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2020 NCTS Summer Course on Mathematical Biology
10:00 - 12:00 and 14:00 - 16:00 on weekdays, July 27 - August 5, 2020
Lecture Room B, 4th Floor, The 3rd General Building, NTHU

Chih-Hung Chang (National University of Kaohsiung)
Chang-yuan Cheng (National Pingtung University)
Feng-Bin Wang (Chang Gung University)
Chang-Hong Wu (National Chiao Tung University)

Feng-Bin Wang (Chang Gung University)

Mathematical modeling can play an important role in the understanding of mechanisms in biological systems. Motivated by this, we intend to introduce mathematical models of HIV infection, spatial segregation, and ecological systems with internal storage. Recently, Ergodic Theory has been successfully used to investigate the weakly repelling property of a compact and invariant set on the boundary, which is crucial when we utilize persistence theory to establish the possibility of coexistence for an ecosystem. Thus, we will also provide a brief introduction of Ergodic Theory in this course.
Lecture 1
Lecturer: Professor Chih-Hung Chang (張志鴻) , National University of Kaohsiung
Title: A Short Course for Ergodic Theory
Ergodic theory studies the long time behaviour of dynamical systems. This line of investigation has its origin in Poincare's investigations in statistical physics more than one hundred years ago. However, in the meantime ergodic theory has found many remarkable applications in various branches of mathematics. In this short course, I will give an introduction to some classical results, such as Poincare's recurrence theorem, Birkhoff ergodic theorem, and Furstenberg's multiple recurrence theorem. Meanwhile, some applications like the ergodic viewpoint of Borel's normal number theorem will also be covered.
Lecture 2
Lecturer: Professor Chang-Yuan Cheng (鄭昌源), National Pingtung University
Title: Mathematical Studies for HIV infection
Human immunodeficiency virus type 1 (HIV-1) is one of the most and intensely studied viral pathogens in the history of science. Mathematical modeling has helped to improve our understanding of the infection as well as the pharmacodynamics within the host under a drug therapy. However, from recent reports, the spacial heterogeneity related to either the virus environments or the pharmacodynamics is a significant issue that deserves more attentions. We begin the sequel from introducing the routes of infection and virus environments, then formulating the drug efficacy, and studying its critical effect on viral dynamics via a perturbation technique. The lecture will include four parts:
(1) Basic viral dynamics in ODE/DDE/aged models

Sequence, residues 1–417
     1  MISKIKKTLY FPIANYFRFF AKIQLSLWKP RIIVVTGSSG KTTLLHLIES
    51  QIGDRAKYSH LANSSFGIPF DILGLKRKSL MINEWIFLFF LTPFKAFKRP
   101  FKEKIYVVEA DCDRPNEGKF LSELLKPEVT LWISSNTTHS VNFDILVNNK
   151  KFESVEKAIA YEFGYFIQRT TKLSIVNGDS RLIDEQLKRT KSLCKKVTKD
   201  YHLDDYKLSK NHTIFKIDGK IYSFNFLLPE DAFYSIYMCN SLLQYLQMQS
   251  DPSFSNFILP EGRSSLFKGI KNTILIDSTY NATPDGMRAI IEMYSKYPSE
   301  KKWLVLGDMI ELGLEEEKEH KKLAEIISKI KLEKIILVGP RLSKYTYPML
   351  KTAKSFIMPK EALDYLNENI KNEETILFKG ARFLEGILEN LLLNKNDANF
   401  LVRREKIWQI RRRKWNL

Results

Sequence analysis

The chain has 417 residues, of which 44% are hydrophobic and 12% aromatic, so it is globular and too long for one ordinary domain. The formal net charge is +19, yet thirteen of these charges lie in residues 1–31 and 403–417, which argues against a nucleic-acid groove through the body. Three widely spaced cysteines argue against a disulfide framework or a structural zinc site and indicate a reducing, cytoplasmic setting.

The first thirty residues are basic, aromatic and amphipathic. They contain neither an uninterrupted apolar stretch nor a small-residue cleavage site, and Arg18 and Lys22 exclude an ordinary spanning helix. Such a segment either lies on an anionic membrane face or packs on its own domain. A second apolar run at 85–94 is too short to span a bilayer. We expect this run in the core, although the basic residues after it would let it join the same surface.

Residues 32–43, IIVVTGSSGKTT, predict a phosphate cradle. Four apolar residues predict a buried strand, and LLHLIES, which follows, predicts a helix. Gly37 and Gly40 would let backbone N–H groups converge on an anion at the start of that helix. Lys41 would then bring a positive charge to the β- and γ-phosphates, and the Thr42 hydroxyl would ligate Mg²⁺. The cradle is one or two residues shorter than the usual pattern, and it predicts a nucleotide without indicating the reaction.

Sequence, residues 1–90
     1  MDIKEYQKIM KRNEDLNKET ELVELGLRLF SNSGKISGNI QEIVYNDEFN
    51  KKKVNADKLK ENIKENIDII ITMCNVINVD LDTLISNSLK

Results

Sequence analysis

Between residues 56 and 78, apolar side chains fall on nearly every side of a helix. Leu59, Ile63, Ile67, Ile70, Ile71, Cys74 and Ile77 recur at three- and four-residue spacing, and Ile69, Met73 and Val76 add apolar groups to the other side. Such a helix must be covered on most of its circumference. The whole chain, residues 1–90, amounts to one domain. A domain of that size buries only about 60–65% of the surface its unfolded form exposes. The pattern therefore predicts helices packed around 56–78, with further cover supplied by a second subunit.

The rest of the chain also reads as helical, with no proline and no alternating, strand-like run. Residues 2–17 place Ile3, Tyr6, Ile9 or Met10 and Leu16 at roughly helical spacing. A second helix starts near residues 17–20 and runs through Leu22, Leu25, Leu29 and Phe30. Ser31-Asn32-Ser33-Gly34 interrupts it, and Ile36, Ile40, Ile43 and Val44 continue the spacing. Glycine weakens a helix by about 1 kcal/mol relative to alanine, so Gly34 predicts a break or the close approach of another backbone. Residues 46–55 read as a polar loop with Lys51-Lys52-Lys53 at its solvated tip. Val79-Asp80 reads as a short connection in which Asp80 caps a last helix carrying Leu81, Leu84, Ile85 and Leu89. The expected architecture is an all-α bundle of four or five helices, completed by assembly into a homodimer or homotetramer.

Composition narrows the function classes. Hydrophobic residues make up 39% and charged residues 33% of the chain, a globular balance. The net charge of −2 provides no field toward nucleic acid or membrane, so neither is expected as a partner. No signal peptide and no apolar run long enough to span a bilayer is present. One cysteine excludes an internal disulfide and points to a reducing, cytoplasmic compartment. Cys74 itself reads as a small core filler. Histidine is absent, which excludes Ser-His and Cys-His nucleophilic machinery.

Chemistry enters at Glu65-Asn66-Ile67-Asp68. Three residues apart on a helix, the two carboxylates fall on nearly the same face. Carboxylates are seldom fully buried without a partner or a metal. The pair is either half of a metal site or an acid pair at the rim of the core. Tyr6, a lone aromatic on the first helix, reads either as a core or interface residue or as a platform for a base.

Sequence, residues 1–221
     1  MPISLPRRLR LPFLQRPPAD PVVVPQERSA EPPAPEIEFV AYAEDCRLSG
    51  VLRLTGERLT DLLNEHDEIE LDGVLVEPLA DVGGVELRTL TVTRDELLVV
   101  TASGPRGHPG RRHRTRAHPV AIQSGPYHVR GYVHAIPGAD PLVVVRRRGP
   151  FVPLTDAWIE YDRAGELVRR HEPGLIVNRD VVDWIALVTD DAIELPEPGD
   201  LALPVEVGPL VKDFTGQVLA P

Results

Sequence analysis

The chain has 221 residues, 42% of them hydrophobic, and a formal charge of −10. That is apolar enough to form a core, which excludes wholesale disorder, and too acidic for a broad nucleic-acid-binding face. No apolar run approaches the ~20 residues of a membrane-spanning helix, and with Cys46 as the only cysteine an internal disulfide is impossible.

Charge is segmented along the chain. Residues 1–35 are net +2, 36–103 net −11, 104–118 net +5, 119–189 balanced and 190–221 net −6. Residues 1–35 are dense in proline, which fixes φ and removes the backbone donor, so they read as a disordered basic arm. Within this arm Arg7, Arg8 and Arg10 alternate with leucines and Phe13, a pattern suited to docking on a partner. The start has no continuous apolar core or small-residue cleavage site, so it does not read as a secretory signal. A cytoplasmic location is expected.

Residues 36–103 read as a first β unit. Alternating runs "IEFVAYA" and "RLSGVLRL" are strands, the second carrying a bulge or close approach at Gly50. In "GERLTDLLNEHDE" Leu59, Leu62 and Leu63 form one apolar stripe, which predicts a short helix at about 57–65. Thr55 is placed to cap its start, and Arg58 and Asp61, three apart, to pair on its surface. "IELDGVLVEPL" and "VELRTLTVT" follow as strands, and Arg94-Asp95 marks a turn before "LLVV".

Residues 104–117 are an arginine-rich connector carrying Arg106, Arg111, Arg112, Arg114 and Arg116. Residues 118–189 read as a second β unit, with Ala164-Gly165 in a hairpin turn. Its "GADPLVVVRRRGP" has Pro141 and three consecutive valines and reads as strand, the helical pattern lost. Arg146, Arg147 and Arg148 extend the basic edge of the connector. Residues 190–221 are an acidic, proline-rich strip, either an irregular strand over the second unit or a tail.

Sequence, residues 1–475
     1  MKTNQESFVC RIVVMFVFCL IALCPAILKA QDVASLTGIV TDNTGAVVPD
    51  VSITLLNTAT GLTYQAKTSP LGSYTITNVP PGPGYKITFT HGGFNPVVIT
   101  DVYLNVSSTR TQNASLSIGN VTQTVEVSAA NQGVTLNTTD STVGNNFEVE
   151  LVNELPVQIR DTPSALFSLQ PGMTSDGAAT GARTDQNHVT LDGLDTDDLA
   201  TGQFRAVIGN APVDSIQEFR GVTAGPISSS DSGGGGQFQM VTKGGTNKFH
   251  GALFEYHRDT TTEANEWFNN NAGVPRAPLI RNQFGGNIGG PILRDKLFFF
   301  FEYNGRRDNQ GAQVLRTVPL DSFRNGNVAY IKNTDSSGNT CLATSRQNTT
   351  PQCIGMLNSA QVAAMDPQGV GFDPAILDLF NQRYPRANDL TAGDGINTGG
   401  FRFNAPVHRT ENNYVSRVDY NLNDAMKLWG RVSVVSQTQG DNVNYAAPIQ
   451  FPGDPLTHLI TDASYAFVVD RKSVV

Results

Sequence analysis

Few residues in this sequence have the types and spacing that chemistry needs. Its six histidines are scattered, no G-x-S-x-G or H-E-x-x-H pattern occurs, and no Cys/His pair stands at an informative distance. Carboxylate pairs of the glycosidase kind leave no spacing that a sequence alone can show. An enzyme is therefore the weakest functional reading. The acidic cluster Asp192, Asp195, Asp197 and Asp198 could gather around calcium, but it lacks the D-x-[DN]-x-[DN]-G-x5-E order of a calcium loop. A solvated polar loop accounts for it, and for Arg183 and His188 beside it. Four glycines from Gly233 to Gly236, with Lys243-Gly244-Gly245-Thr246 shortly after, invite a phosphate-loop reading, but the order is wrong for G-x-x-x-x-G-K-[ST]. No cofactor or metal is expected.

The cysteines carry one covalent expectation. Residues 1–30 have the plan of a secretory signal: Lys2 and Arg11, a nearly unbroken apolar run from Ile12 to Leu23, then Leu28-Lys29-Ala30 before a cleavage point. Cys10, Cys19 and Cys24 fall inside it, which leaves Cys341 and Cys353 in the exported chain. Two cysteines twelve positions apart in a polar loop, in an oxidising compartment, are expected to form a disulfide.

(2) Multi-compartmental virus models
(3) Pharmacodynamics within the host under a drug therapy
(4) A perturbation technique to determine viral extinction/persistence
Lecture 3
Lecturer: Professor Chang-Hong Wu (吳昌鴻), National Chiao Tung University
Title: Spatial Segregation in Competition Models
The understanding of the spatial behavior of the interacting species is one fundamental issue in mathematical ecology. In particular, spatial segregation of species is a commonly observed phenomenon.This phenomenon has been studied widely in the literature. Generally speaking, it may occur when the competition between species is very strong. We will introduce some reaction-diffusion systems to approximate such a phenomenon. Furthermore, the limiting problems may help us understand the formation of spreading front from the modeling viewpoint and bring some mathematical models that may describe the invasion of species. In this lecture, we plan to divide the discussion into three parts:
(1) A brief introduction regarding the spatial segregation phenomenon
(2) The Fisher-Stefan model and some competition models 
(3) Some applications.
Lecture 4
Lecturer: Professor Feng-Bin Wang (王埄彬), Chang Gung University
Title: Applications of Theory of Monotone Dynamical System and Uniform Persistence to Ecological Models with Internal Storage
Competition for resources is a fundamental interaction between species and there has been a lot of experimental and theoretical analyses of nutrient-limited phytoplankton growth and competition studies. The simplest competition models use one ordinary differential equation to govern the dynamics of each species. These population dynamics are coupled to dynamics of one or more resources by assuming a constant quota of nutrient per individual, or equivalently, a constant yield of individuals from consumption of a unit of resource. In fact, quotas may vary, leading to variable-internal-stores models. In this talk, I shall introduce several systems modeling nutrient consumption, storage, and population growth in temporally homogeneous/varying environments (ODEs system involved in constant/time-periodic coefficients). In order to obtain the analytical analysis of the models, I shall further introduce the theory of monotone dynamical system and uniform persistence.
Lecture 1 A Short Course for Ergodic Theory
Time : 10:00-12:00,14:00-16:00, July 27-28, 2020.
Lecture 2 Mathematical studies for HIV infection
Time : 10:00-12:00,14:00-16:00, July 29-30, 2020.
Lecture 3 Spatial segregation in competition models
Time : 10:00-12:00,14:00-16:00, July 31 and August 3, 2020.
Lecture 4 Applications of theory of monotone dynamical system and uniform persistence to ecological models with internal storage.
Time : 10:00-12:00,14:00-16:00, August 4-5, 2020.
地點:Room B, 4F, Third General Building, National Tsing Hua University
方式:The course will include lectures

Poster: events_3_2032006114241173465.pdf

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